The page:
Apple as early as Tuesday is expected to make a Leopard-related announcement to both customers and members of the media, AppleInsider has learned.
After cutting it close near the tail-end of the software's development cycle, the stars appear to have finally fallen into alignment after a Gold Master candidate build surfaced internally this past weekend.
Obviously, an impending announcement would concern availability, as much else about Leopard has been out in the open for quite some time.
In the words of the sainted Professor Farnsworth: "Good news, everybody everyone!" The iPhone/iPod touch dev team has decrypted the iPhone 1.1.1 and iPod touch ramdisks. So what does this mean, loyal TUAW readers? It means that you're getting really close to free, non-commercial 1.1.1 unlocks put together by a cadre of dedicated hackers who are doing all of this for your benefit, for fun in their spare time, and for free.
Hackers Nicholas "Drudge" Penree and Tony Hoyle have figured out an easy fix that allows you to add calendar events to your iPod touch. You'll need read/write access to your touch and a full jailbreak but once you do, all you need to do is add the following two lines to the N45AP.plist file inside your Core Services' SpringBoard app.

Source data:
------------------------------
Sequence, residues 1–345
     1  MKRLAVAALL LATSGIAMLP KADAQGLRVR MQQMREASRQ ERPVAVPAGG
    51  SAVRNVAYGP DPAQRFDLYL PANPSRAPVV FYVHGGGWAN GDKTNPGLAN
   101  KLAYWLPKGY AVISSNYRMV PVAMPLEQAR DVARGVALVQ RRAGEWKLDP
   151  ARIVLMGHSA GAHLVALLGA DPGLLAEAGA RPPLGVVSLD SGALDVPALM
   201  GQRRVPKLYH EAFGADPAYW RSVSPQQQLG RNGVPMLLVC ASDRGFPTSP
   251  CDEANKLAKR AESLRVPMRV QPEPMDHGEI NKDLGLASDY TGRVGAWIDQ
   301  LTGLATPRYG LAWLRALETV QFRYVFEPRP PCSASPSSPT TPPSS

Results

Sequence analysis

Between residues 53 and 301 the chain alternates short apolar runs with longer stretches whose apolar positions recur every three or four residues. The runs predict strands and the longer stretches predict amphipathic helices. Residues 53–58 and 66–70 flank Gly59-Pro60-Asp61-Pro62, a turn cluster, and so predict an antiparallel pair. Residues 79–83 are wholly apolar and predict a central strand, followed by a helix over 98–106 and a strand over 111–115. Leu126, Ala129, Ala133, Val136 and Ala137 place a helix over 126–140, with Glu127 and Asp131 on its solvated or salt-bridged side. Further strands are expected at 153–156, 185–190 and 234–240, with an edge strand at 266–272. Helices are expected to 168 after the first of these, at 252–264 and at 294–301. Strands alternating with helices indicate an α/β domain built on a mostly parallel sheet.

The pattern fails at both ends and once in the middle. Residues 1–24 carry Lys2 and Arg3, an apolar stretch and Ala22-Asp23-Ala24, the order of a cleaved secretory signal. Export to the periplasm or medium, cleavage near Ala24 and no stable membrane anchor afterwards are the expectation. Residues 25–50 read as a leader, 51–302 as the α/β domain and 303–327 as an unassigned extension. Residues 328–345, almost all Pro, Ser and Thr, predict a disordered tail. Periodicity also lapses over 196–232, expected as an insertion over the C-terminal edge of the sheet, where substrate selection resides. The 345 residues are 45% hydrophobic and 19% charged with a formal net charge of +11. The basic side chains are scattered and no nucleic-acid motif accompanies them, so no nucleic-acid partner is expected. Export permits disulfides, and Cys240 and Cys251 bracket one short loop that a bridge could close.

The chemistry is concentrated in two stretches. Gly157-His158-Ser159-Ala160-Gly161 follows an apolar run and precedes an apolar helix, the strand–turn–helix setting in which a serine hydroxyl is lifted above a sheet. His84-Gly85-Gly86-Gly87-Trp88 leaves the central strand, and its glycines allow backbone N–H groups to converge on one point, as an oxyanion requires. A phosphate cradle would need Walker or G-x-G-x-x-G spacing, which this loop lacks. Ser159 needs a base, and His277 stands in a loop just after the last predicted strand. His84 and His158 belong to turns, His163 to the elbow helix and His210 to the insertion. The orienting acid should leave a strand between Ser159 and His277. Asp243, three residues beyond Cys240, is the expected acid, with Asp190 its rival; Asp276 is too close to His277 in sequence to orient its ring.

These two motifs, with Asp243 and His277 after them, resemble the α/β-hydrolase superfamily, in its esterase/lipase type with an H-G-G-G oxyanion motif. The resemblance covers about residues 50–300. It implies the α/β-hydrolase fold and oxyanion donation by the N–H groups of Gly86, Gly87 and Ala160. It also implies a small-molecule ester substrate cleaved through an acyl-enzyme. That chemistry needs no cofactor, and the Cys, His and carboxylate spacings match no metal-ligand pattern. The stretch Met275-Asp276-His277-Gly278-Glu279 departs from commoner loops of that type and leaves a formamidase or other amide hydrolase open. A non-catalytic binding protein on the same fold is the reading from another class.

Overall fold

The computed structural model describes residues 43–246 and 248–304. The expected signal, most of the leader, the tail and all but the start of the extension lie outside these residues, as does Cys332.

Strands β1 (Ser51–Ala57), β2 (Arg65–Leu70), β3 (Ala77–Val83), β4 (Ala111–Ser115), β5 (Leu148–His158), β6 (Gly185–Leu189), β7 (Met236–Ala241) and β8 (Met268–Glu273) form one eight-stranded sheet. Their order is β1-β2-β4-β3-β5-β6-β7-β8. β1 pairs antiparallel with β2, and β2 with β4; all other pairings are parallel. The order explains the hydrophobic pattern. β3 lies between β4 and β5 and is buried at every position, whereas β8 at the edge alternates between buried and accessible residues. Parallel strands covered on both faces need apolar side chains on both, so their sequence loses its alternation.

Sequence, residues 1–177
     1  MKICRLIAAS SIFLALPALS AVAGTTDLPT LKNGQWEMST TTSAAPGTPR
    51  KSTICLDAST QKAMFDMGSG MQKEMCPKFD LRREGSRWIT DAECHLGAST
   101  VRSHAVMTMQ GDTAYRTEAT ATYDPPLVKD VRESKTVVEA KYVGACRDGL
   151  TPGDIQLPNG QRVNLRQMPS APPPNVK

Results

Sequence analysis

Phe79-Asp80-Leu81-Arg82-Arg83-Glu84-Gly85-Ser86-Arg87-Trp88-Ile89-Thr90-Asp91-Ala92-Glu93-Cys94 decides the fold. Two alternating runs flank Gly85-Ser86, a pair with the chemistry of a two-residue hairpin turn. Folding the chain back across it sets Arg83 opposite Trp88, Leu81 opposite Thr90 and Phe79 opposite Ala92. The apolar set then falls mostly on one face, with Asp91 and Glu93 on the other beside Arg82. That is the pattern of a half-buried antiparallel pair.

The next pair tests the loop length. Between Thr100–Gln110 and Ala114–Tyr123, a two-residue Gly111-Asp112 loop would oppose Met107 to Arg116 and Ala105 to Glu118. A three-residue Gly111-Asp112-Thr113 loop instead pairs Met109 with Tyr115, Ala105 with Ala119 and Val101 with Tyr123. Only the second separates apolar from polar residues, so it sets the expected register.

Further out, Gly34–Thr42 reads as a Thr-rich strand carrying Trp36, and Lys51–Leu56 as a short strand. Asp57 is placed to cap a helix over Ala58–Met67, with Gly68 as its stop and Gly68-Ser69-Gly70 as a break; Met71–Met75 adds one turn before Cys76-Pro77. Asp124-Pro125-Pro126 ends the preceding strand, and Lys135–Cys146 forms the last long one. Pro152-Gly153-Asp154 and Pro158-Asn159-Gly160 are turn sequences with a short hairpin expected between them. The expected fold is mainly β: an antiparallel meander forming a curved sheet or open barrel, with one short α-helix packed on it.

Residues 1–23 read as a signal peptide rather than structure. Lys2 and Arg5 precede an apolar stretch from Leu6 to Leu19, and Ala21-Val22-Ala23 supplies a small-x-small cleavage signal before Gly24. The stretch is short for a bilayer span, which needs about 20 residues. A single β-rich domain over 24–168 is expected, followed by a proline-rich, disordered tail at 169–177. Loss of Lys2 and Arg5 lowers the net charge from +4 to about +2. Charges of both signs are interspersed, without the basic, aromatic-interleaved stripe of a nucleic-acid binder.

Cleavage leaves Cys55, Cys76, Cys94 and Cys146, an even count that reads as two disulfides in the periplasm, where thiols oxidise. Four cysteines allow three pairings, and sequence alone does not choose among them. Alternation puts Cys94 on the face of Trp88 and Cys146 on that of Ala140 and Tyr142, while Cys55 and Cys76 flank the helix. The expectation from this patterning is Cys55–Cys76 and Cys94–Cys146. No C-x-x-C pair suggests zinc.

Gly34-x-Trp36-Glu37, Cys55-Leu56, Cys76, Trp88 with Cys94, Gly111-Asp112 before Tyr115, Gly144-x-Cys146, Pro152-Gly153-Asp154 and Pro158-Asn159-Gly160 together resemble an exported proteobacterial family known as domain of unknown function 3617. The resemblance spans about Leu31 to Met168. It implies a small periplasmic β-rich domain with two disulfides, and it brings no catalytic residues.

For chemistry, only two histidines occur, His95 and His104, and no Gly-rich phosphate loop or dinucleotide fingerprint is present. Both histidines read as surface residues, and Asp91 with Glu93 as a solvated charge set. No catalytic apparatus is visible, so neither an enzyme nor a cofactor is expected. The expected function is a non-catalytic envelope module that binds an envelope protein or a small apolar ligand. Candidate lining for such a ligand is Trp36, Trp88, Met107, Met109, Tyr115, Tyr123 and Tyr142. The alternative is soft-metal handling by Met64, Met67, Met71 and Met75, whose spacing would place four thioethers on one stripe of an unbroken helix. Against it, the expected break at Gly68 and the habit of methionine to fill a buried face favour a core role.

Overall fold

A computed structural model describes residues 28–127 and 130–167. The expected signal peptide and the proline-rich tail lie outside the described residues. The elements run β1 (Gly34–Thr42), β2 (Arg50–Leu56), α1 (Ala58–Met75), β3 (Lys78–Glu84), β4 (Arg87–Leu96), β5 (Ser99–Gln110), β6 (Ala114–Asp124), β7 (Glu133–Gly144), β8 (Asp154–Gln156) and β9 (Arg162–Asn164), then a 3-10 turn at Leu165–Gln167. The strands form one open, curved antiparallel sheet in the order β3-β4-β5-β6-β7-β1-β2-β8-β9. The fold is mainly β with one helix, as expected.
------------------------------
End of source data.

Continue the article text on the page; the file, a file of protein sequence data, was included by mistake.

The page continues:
The plist is found at /System/Library/CoreServices/SpringBoard.app/N45AP.plist
Apple on Thursday launched an online directory of more than 200 Web applications built to run in the iPhone's Safari browser.
The applications are organized in categories such as the most recent viewed, most popular, alphabetical and staff picks. The featured Web software on Thursday was a Facebook application that connects the iPhone to the popular social network in order to visits friends' pages, upload and share photos, or send and receive messages.
Just two days after reporting preliminary success in opening iPhones updated to firmware 1.1.1, the iPhone Dev Team has published a process for getting around Apple's updates to jail break an iPhone and install non-Apple applications. The process involves downgrading the iPhone to version 1.0.2, patching it, upgrading, and patching again. If you think that sounds convoluted, you're right. The hacking process is somewhat convoluted and is definitely not for the faint of heart.